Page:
Raymond Scott is not a name that is going to jump out at you as being famous; but if you are a Bugs Bunny fan (and who isn’t?), you probably know more about the man and his work than you think you do.
Raymond Scott was a man with a wide range of talents, and an eclectic collection of accomplishments; unfortunately, he is now mostly remembered, when remembered at all, as the guy who wrote that funny music that plays in Bugs Bunny and other cartoon features from the ‘40s and ‘50s.
(If you are curious, you can search out a video of him and his band playing his signature tune Powerhouse, featured in a host of Warner Brothers cartoons, on YouTube.)
But this man was much more than just a creator of novelty tunes. He was also an early pioneer in the field of electronic music, and a gifted and inspired (if perhaps slightly whacky) engineer, who showed the way toward the synthesized instruments that are now part of our everyday musical experience.
Scott started out his career as the piano-playing lead man on a swing-era jazz ensemble called the Ray Scott Quintet, even though he made up the sixth member.
He enjoyed respectable success as a performer, though he was often dismissed as a “novelty act” by more serious jazz aficionados. But he had an on-going problem: He didn’t like working with other musicians.
In this, he resembled another great musical innovator who ultimately turned to electronic music, too – the immortal Frank Zappa.
Though he never possessed the overpowering musicianship of Zappa, Scott shared the same quirky, unpredictable and sometimes nutty approach to musical composition, along with an intense desire to control every facet of the musical experience.
It was that longing for complete pe rsonal control over musical performance that lead Scott into the field of electronically generated sound.
In 1946, he founded a Manhattan Research Inc., dedicated to “the creation of Electronic Music and Musique Concrete.” (“Musique Concrete” being, in essence, music that uses non-musical recorded sound as material in a composition..)
Over the following 20 years or so, he created and patented a host of different sound-generating electronic devices, some of which were featured in various television commercials he scored for in the ‘50s and ‘60s.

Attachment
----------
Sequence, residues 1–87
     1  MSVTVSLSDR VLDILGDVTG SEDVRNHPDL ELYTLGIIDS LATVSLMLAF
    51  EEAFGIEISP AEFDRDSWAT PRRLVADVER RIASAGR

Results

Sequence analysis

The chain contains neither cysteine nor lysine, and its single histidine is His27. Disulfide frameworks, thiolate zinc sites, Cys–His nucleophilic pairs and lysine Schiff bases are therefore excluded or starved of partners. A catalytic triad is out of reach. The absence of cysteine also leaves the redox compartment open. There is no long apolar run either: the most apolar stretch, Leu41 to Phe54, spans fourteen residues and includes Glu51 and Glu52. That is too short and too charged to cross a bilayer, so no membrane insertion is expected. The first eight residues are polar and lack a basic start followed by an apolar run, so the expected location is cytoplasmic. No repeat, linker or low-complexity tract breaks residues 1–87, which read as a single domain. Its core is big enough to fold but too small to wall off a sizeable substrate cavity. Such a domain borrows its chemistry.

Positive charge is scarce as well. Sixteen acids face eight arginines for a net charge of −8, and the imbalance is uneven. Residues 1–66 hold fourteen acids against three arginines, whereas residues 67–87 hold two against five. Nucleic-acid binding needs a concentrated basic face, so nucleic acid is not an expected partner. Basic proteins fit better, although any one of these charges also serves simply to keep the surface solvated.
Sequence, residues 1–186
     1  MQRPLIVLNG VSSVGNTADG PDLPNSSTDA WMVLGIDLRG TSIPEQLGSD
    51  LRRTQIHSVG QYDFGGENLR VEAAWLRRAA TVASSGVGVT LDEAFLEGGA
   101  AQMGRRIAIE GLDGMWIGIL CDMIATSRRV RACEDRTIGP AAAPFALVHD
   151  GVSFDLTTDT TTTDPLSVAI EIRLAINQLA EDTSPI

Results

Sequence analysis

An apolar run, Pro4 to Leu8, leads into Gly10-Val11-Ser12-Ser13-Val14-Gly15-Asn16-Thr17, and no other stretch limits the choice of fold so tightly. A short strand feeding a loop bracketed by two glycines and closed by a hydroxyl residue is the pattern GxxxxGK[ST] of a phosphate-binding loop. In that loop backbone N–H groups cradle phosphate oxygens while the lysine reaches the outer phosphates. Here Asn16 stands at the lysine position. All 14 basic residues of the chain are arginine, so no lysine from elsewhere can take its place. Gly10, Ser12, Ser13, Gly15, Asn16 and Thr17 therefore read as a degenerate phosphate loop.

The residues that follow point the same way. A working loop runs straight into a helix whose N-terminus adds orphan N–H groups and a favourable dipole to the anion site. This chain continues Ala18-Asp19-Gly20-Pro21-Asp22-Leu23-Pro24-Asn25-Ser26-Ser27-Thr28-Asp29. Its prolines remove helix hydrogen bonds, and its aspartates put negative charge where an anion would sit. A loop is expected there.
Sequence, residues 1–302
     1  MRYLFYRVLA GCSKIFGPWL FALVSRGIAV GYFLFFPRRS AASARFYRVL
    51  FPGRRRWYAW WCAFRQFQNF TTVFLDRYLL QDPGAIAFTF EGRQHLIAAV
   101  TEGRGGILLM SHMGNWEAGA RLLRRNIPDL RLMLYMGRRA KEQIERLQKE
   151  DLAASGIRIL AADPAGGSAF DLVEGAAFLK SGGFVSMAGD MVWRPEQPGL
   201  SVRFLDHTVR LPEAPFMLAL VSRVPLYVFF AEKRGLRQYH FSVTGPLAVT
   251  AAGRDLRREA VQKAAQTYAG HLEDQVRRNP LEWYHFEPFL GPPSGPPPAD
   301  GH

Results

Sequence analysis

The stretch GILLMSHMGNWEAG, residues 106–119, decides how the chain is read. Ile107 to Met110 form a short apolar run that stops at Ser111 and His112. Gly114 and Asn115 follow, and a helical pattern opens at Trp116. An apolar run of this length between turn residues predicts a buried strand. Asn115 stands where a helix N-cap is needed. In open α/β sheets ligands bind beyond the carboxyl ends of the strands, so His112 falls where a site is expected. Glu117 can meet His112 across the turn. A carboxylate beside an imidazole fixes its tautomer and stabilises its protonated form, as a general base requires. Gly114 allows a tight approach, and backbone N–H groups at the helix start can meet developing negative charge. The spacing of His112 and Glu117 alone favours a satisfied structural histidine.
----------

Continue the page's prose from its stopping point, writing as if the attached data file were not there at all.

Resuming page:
These being the days vacuum tubes and big, clunky electrical components, his creations tended to be big, heavy, expensive, immobile, and therefore marginal in their cultural impact.
By 1956, he was ready to patent a more portable electronic instrument called the Scott Clavivox. This keyboard-based electronic music device was the inspiration for Bob Moog’s “Moog Synthesizer,” which entered the musical scene so forcefully in the mid 1960’s, and set the scene for hip hop music and all its subsequent derivatives.
His magnum opus, though was his never-quite finished Electronium, a church-organ sized behemoth which was intended not only to be not only an instrument, but a kind of artificial-intelligence-driven co-composer of musical pieces.
Having set out to do away with the need musicians, Scott was on the path to doing away with the need for composers, too.
He spent many years, and hundreds of thousands of dollars, working on prototypes of this device (much of it financed, in fact, by Motown Records), only to leave the work incomplete when he had a near-fatal heart attack in 1977.
Advances in electronic technology eventually rendered pretty much all of Scott’s musical inventions as obsolete as they were obscure, but he continued working as an innovative and quirky composer well into his old age.
Many of his electronic compositions come uncannily close to the “house music” of the 1980’s, and sometimes even sound a bit like Frank Zappa’s experimental instrumental music, though I can find no evidence that Zappa ever heard of him.
Though he was both an interesting composer and a brilliant engineer, Scott passed away in relative obscurity in 1994, just when he was about to experience a minor resurgence of interest in his music and his technological legacy.
His is a classic case of a brilliant, eccentric talent that operates on the fringes of the artistic and technological world, achieving cultural impact only indirectly, and through obscure courses.
Because his technological interests took him into an area that was not much in fashion at the time, he never achieved much fame as an inventor; and, because he worked in “pop” media like swing jazz and television commercial scores, he never came to the attention of serious music lovers.
Still, weighing his achievements in both fields, and their ultimate, indirect effects, it has to be said that he was a pretty impressive guy, and certainly a man worth remembering for more than what he did for the Bugs Bunny cartoons.
You can learn more about him at the excellent commemorative site raymondscott.com.
Rick Steele is a technology junkie
who lives in Whitehorse.